How Washington State Football Balances Size vs. Speed

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By Rob Oviatt
Washington State University
Head strength and conditioning coach

In 1979, when I was still at the University of Alabama, our football team won the National Championship. The average weight of the offensive line was between 240 and 250 pounds. Last year, an average offensive lineman in the PAC-10 weighed 302 pounds.

In the last 20-plus years, the size and weight of every position on the field have gotten bigger.

This bigger-is-better mentality starts in junior high, where the athletes see the size of high school athletes. The high schoolers see how big the college athletes are. And everybody sees the tremendous mass of most NFL players. This mentality is accepted by the athletes, their coaches and sometimes even the parents.

The issue isn't gaining weight and getting big; it's putting on the proper type of weight. Athletes at all levels try to get big using poor diets and making bad decisions. Before they know it, they're bigger but slower and less athletic. It's important to take the right road to gaining weight while maintaining the ability to move.

Sack of gold vs. sack of coal

Size is important in football, but it is not the only important factor. We put a premium on speed and quickness, so we tell our athletes: "Get as big as you can without slowing down." Basically, there are no limits on how much weight to gain, as long as you don't slow down or compromise your ability to move. If you're gaining muscle, you're just making a bigger engine for the car and enhancing your ability to move. Adding fat, though, will slow you down and compromise your abilities. It's like comparing a 50-pound sack of gold to a 50-pound sack of coal. They weigh the same but have totally different values.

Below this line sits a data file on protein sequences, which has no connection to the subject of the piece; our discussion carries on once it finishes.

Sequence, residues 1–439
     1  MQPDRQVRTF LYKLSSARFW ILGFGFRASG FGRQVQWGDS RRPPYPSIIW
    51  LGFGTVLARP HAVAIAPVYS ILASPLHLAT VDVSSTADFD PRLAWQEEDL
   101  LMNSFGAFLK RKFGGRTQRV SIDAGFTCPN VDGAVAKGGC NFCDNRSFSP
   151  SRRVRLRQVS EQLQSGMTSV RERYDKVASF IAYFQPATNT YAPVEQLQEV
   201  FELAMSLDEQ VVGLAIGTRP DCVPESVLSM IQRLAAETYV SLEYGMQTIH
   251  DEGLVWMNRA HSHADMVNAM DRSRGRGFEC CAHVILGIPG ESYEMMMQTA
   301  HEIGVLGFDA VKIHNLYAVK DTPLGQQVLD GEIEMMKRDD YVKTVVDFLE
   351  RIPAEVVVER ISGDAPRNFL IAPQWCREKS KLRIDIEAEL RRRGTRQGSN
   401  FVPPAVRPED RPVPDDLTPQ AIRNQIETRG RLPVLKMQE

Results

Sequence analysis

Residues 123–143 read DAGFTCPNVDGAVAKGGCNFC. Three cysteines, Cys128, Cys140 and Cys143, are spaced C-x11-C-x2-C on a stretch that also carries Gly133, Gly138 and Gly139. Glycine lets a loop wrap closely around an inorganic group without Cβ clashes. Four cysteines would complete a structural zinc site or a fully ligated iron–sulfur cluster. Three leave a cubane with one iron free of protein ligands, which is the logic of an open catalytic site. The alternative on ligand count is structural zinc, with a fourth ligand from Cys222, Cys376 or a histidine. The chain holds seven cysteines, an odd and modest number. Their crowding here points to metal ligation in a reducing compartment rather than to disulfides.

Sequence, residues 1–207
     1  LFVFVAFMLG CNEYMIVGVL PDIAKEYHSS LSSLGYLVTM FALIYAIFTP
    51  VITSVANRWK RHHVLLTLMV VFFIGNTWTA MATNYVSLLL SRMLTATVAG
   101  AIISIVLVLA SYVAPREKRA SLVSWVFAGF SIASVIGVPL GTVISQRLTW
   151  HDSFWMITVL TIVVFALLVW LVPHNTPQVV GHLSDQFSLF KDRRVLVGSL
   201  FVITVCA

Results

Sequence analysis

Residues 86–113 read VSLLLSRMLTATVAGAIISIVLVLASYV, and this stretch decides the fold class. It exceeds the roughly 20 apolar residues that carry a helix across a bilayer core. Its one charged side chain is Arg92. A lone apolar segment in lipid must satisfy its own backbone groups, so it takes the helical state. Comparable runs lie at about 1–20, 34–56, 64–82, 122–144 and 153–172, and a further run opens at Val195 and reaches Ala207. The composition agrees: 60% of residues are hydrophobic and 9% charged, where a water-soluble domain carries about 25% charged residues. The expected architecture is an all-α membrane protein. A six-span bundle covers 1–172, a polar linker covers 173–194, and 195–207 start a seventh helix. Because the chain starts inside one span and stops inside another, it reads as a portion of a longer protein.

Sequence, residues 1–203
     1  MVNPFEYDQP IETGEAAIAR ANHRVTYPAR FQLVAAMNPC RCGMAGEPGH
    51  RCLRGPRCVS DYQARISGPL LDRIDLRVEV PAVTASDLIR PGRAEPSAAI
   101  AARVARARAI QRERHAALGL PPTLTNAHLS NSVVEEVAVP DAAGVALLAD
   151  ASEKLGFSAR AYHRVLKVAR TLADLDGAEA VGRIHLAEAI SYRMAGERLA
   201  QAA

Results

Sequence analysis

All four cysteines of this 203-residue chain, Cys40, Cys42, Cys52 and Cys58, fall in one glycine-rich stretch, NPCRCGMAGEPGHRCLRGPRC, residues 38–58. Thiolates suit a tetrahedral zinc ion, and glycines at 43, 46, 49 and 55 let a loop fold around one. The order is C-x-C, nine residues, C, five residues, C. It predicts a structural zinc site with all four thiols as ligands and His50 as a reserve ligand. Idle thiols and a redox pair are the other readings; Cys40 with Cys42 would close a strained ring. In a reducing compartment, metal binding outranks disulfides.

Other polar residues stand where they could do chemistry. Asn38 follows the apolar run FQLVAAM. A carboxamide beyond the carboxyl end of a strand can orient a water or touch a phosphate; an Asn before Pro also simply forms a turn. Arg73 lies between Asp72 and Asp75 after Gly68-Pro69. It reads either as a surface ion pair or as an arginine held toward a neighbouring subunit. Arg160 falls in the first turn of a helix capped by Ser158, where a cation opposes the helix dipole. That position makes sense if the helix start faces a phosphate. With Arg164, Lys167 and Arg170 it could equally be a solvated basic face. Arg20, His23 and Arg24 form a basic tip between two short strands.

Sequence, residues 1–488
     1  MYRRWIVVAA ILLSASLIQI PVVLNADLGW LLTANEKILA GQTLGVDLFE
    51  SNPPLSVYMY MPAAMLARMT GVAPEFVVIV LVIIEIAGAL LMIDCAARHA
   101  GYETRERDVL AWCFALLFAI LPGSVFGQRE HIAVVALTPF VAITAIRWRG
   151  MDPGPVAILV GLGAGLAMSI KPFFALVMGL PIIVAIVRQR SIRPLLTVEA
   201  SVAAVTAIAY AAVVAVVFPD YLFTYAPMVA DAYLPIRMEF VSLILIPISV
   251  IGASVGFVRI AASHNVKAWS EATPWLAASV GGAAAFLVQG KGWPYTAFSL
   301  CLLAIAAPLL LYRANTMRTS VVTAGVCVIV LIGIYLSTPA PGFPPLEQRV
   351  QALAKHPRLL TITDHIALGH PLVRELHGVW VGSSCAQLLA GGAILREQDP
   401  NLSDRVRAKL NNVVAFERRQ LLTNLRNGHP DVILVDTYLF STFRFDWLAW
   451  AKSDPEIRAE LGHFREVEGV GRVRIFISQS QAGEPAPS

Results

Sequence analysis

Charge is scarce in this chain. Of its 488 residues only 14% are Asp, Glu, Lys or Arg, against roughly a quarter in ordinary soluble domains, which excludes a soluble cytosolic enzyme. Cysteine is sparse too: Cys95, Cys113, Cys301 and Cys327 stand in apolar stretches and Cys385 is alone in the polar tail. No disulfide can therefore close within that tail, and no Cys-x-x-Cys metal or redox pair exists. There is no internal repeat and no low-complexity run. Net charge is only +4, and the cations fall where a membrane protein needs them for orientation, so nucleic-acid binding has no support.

How much should I gain?

Position coaches set bodyweight goals for our players. They have the most critical eye for what their players need to weigh for their positions.

Monitor your weight gain

We have a weight gain program for athletes who are considered underweight by their coach. These athletes are given weight goals weekly or monthly and are monitored through bi-weekly weigh-ins and bimonthly body fat percentage tests. We make sure the goals are safe and practical, because we know a person cannot put on 20 pounds of solid muscle mass in less than a month. He can get 20 pounds heavier, but it won't be muscle. Generally, a player can put on a pound to a pound-and-a-half of muscle per week. That's a practical, reasonable expectation of weight gain.

Too much weight

When an athlete puts on weight, the best way we can evaluate whether he has gotten too big is by watching him in practice, during games and on film. A position coach will come to us and say, "So-and-so isn't moving so well. He's not making plays or he's not getting to where he needs to be." Those are the most crucial things for us to hear to know if a kid is getting too big in the wrong way.

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